The arbitration provision is an integral aspect of a contract whereby all conflicts between two parties that have entered into a contractual arrangement are settled via the arbitration process rather than through the courts. This is very positive for both companies and customers by ensuring a cost-effective conflict resolution solution. Businesses have arbitration agreements so they can settle disputes quickly and privately without the often lengthy and time-consuming legal system. Once the dispute arises, the main advantage of incorporating an arbitration clause in a contract is that if the conflict occurs, one can push the conflict out of the legal system so that the other party can arbitrate. This saves the parties money, expenses and needless abuse. Therefore, having an explicit arbitration clause is very necessary for a contract.
Tailored rules: The most significant benefit of the arbitration clause is that the rules can be modified to suit the parties' needs and the types of conflicts likely to occur under the contract. Parties should also agree to restrict damages or even stipulate procedural guidelines for the discovery process.
Expert arbitrators: A well-crafted arbitration clause would probably require arbitrators to have some experience or expertise in the issue of dispute, mainly when the issues are complicated or unique. If the subject-matter of the dispute is legal, such as a patent, then the parties may choose an arbitrator with technical expertise in that area, rather than a judge who does not know the issues.
Arbitration proceedings are usually privately owned. And the parties can agree, whether they wish to keep the decision as confidential, beforehand. It also removes some of the animosity of court cases, possibly because it is a private case against the courtroom's public drama.
Simplified rules of evidence and procedure: The sometimes-conflicting rules of evidence and procedure do not apply in arbitration procedure, making them less stylistic and more comfortable to adapt to the needs of those involved.
Faster than litigation: In general, arbitration is cheaper, more accessible, more productive and more versatile than litigation.
Expedient, convenient, less-expensive forum: The arbitration is performed and resolved quicker, and at a lower rate, compared with a court trial.
The Supreme Court recently addressed the question if an arbitration provision found in an agreement that is not signed or inadequately signed can be extended to select arbitrators pursuant to section 11 of the Arbitration & Conciliation Act 1996, in Garware Wall Ropes v Coastal Marine Constructions & Engineering (Judgment dated April 10, 2019, in CA 3631 of 2019).
Relying on the earlier decision in SMS Tea Estates. v. Chandmari Tea Co., (2011) 14 SCC 66 that it is the responsibility of the Supreme Court or the High Court, before appointing an arbitrator pursuant to section 11, to ensure that the contract is impounded and that the stamp duty and penalty (if any) are paid before the agreement (including the arbitration clause) can be enforced.
The Supreme Court also held that following the 2015 amendment to section 11 of the 1996 Act the SMS Tea Estates decision will continue to work. With the amendment of 2015, the investigation was limited to the' existence' of the arbitration arrangement between the parties. According to the Supreme Court, an agreement is a 'contract' only if it can be enforced, and it cannot be enforced until it is properly stamped. The Supreme Court explained that the Indian Stamp Act extends to the whole contract or conveyance. Consequently, the arbitration clause inherent in any agreement or transmission cannot be bifurcated to give it an autonomous existence. The arbitration provision may only be issued independently for such specific reasons, for example, if the contract has not been properly registered, as it is held in SMS Tea Estates.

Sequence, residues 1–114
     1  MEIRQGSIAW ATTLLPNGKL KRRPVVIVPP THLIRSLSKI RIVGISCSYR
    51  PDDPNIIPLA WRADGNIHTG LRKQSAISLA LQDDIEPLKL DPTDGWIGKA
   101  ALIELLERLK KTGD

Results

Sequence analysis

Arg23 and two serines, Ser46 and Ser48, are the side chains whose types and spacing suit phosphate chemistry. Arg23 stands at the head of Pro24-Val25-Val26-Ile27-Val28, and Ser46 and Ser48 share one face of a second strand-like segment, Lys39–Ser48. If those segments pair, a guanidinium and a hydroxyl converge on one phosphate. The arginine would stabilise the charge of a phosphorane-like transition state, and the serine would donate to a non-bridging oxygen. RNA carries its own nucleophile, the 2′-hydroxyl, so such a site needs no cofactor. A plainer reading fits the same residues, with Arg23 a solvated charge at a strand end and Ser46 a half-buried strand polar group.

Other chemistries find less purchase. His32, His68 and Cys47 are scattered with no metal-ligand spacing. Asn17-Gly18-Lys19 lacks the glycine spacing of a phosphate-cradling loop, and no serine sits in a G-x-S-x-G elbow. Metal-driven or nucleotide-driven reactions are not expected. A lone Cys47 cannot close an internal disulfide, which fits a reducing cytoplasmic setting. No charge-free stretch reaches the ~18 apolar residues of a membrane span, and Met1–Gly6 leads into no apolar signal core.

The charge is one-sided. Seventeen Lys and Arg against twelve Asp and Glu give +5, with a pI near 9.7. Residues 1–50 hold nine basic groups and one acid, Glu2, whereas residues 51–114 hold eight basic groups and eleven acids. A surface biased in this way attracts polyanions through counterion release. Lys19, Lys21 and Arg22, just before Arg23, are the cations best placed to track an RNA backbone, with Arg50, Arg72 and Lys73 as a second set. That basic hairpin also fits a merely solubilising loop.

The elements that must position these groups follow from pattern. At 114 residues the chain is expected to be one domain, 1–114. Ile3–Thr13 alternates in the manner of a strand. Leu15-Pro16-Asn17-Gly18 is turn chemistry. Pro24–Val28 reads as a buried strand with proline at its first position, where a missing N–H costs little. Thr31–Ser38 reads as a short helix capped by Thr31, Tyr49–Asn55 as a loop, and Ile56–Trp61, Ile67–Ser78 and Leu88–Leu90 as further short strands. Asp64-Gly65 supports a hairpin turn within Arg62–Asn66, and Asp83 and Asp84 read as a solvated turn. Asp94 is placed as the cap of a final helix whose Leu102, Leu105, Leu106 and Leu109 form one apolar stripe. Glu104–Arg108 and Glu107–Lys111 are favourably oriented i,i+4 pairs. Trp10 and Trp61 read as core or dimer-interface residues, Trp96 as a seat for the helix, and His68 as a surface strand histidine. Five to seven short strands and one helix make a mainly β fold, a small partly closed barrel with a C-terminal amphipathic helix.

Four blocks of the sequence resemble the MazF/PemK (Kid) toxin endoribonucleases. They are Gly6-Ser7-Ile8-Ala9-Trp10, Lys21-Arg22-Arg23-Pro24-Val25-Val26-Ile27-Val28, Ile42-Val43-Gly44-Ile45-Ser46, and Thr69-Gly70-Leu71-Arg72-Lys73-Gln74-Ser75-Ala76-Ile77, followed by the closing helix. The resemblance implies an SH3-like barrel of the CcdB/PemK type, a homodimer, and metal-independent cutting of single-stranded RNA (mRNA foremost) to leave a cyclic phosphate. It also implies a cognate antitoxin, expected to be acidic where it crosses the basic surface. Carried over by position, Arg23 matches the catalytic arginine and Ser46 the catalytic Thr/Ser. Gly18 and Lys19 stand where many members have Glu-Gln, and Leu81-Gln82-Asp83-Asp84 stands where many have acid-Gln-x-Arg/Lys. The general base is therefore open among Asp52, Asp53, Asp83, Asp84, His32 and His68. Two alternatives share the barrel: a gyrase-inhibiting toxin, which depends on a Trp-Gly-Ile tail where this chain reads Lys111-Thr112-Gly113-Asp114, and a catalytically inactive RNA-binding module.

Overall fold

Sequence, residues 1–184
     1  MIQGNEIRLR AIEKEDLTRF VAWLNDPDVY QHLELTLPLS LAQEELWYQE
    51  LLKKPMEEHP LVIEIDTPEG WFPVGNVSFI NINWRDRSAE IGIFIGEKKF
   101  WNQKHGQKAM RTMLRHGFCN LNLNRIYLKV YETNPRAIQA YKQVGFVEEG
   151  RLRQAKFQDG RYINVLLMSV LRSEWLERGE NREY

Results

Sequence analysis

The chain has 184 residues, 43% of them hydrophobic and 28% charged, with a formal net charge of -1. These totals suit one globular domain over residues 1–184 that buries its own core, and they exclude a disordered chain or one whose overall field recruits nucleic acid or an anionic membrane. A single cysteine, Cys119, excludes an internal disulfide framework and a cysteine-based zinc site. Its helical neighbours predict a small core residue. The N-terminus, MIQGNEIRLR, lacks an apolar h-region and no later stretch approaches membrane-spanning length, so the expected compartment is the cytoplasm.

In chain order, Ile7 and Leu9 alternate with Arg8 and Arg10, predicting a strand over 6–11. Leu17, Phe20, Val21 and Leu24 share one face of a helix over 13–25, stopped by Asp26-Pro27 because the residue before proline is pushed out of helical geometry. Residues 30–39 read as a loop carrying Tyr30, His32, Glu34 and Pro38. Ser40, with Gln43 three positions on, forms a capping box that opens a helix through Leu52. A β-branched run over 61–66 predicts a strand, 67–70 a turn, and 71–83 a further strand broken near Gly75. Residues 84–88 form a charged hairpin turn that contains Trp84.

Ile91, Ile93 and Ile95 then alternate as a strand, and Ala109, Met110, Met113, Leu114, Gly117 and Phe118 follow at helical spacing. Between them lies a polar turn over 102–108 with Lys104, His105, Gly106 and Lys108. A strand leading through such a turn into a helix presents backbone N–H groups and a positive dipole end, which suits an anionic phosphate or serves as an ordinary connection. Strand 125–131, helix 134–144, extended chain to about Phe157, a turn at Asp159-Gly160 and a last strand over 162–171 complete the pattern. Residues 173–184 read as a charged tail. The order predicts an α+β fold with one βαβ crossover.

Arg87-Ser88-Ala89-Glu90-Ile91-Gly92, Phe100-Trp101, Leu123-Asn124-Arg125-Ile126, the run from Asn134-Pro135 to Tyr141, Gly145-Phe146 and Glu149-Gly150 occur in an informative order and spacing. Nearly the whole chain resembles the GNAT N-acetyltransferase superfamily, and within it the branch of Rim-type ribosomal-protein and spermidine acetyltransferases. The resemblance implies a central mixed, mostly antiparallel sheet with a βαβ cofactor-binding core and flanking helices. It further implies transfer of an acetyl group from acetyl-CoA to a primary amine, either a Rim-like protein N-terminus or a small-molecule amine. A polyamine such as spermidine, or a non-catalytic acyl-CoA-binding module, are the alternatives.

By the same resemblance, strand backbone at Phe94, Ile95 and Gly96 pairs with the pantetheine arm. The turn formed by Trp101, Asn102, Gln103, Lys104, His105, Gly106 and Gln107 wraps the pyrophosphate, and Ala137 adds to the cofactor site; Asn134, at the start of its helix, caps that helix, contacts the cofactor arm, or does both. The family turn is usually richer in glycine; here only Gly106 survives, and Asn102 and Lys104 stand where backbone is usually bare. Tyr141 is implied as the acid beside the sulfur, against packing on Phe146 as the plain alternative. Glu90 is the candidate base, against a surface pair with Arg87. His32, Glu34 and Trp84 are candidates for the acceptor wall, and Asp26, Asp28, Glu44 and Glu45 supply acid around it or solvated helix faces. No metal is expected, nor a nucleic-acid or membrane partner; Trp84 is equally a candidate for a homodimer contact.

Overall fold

The Supreme Court reversed the Bombay High Court's decision under appeal before it, and also overruled many Delhi and Karnataka High Court rulings. In all such cases, it was held that, since the 2015 amendments to the 1996 Act, complaints about the stamp duty should be determined by the arbitrator, who could enforce the document and pay the stamp duty and penalty direction if necessary. Those decisions no longer are good law.
In Garware Wall Ropes, the important consequence of the decision of the Supreme Court appears to be that the arbitrator(s) must automatically refer the parties to the competent authority under the Stamp Act before taking any steps in the matter. The arbitration cannot continue based on an unstamped document, because the arbitration clause of such an arrangement would be inapplicable.
Although the Supreme Court did not answer the issue of whether an application for temporary relief under Section 9 of the Act can be sustained in an arbitration arising from an unstamped agreement, it appears that such applications might not be viable because of the ratio in the Garware Wall Ropes. However, since there is no express ruling on this aspect, it is likely to be open for debate until a specific decision is given on this issue by the Supreme Court.
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